It was during the second appointment with my oncologist when she asked me where I was in my cycle. I told her "one or two weeks since my last period, I think." She responded by asking if I had thought about freezing my eggs. I wasn't expecting that question and answered quickly, "I'm not into having frozen babies." Dr. Cohen, who appeared to be around the same age as me, looked at me seriously and said, "Based on your answer, I'm not sure if you have given this serious thought. I'm going to have you talk to a fertility expert." She texted the fertility doctor to call me as soon as possible. We didn't have time to wait for an appointment.
Well, I had thought about it. At the time I was 41 years old, single, and never married. Of course I had thought about it. My attitude was that Mother Nature would decide for me. I thought I had until 45 to really come to terms with a definitive on kids or no kids. The fertility doctor called me that evening at about 9:30 p.m. She apologized for calling late, explaining she'd had to show up at a dinner thing and called me as soon as she could. Like my oncologist, I imagined her to be around my age. I sensed them both to be empathetic. She went on to explain the process. This included addressing the concern that my uterus wouldn't be able to carry a child post-radiation and that the alternative would be a surrogate. She suggested a sister or a college roommate. I thought to myself, This just isn't for me.
I'm a nurturer. My professional life as a studio manager and an event producer had been an outlet to take care of others. I'm obsessed with making sure everyone is comfortable, has had enough to eat and drink and a safe ride home. I had dated men with kids and liked the idea of being a stepmom. I'm close with my niece and nephew, cherishing the role of eccentric auntie—and the ability to make life decisions free from the responsibility of dependents. The 12 months of treatments and additional months spent healing from major surgeries provided me with the time and space to get comfortable with my status and with time. I found it to be a relief. I was set free from an uncertainty about my future and found my own self-direction. Instead of thinking that cancer cut my window short for having kids, I found myself dreaming of a future where anything is possible.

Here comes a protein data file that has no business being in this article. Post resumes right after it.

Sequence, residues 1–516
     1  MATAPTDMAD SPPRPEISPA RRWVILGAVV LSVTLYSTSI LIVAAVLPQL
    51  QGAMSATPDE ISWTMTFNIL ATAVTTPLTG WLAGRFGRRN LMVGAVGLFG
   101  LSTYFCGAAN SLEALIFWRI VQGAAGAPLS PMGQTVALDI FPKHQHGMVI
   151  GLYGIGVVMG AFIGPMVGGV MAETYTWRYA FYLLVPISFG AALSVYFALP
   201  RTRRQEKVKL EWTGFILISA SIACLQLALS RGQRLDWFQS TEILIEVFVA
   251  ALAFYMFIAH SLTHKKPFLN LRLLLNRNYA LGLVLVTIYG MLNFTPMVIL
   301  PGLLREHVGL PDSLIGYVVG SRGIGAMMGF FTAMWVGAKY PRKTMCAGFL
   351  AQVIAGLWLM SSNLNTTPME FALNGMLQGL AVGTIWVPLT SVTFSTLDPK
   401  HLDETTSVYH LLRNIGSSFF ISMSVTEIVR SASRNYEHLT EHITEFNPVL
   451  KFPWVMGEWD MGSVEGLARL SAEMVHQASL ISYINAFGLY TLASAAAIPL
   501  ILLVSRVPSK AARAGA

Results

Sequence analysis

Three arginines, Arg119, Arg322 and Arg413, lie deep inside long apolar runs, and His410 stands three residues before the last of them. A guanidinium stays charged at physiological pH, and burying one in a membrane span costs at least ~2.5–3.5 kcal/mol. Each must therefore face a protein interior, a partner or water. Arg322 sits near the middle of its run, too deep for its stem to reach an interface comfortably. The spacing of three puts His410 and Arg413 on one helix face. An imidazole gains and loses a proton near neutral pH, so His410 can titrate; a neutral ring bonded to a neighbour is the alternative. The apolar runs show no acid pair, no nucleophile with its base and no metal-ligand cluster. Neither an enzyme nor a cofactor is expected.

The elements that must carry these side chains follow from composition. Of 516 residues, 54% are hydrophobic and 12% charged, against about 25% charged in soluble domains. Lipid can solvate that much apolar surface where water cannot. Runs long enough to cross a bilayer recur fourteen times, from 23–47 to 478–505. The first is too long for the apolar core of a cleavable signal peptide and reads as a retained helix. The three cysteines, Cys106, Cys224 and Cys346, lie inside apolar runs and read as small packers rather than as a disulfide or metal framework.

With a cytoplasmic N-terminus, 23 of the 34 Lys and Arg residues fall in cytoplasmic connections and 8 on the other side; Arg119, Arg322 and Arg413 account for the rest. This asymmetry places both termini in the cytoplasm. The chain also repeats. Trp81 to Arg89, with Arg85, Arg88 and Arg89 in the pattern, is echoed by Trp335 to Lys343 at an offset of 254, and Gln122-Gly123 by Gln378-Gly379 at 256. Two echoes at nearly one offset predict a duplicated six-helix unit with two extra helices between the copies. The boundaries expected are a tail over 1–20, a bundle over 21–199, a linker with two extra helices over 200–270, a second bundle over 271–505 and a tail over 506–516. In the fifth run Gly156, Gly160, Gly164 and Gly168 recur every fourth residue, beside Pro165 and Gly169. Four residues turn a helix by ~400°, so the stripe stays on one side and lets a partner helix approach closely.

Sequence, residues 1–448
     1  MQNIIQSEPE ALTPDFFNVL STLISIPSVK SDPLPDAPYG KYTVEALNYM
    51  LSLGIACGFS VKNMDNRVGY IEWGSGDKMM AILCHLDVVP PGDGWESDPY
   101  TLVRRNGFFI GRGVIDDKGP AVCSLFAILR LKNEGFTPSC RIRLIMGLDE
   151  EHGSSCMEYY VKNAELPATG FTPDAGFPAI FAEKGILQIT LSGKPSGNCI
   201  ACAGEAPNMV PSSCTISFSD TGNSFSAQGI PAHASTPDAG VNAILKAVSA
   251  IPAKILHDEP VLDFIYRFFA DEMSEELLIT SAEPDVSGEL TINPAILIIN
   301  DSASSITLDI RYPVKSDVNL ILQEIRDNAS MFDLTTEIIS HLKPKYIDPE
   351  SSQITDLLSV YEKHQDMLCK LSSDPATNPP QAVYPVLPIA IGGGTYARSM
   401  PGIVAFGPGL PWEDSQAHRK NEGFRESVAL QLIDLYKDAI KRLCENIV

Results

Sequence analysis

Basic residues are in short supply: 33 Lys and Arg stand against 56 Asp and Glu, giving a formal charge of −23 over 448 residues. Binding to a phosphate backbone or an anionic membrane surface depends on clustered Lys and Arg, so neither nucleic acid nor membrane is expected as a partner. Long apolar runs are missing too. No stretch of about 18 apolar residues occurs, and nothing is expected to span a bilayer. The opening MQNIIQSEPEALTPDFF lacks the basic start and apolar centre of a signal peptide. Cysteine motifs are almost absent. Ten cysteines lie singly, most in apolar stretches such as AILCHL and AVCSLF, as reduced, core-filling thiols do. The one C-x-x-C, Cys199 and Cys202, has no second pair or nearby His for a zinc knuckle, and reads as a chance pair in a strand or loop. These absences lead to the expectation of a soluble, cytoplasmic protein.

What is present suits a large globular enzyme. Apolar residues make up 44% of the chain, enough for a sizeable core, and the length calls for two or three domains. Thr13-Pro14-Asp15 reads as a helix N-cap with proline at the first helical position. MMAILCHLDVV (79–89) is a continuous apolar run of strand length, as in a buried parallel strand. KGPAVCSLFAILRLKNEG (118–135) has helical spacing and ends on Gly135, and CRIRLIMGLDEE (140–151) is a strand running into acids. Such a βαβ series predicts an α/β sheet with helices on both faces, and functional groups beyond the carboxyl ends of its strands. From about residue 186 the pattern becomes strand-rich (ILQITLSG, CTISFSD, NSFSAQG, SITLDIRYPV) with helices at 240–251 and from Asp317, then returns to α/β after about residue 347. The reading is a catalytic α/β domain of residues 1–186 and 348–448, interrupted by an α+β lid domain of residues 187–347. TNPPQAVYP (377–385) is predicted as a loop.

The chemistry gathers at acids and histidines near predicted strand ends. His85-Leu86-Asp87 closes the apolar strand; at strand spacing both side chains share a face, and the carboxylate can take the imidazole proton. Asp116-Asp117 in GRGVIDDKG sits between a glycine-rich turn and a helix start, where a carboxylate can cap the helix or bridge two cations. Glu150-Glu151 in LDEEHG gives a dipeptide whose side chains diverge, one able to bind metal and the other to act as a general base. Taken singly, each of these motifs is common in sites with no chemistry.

With gratitude, I announce that I am cancer-free. There is no evidence of disease, and everything about the experience has inspired me with a new view on life and a confidence in my identity as a childless mother. I've moved to Miami to be closer to family and friends. I am a single, childless woman who possesses the attributes of a mother, which I can use in other ways. Now I have the luxury of being in close proximity to my niece, nephew, and family, as well as my childhood besties and their kids, who also see me as a somewhat eccentric auntie. I adopted a rescue dog and named her Luna. On our first visit to the vet, she leaned close to me during the examination, and my heart melted.
This identity is guiding me professionally. I'm building a hydroponic farm. Along with my co-founder, we are going to be growing beautiful, nutritious food. The location of the farm is slated to sit on a property in a historically underserved neighborhood just a few miles from where I grew up. We will employ people in the community and train them in the skills of the growing field of tech farming. We will provide access to fresh leafy greens for everyone in the community and host events focusing on the habits of a healthy lifestyle. It's a productive outlet for my skills and experience and an opportunity to express my inner nurturer.
Just over two years since my cancer diagnosis, I'm completely energized by the freedom found. My advice to women that find themselves in a state of uncertainty about having kids is this: Giving birth to a child isn't the only way to be a mother. We can show love and compassion to those around us. We can help protect the environment for future generations. We can teach children how to lead a healthier, more productive life by inspiring and offering options to make good choices. We can nurture and provide them with the resources to achieve their dreams and goals.
These are the attributes of a good mother. This world needs more feminine energy to create, lead, and teach. What are your skills, resources, and passions? Channel that energy into something productive. The children of the world need you.
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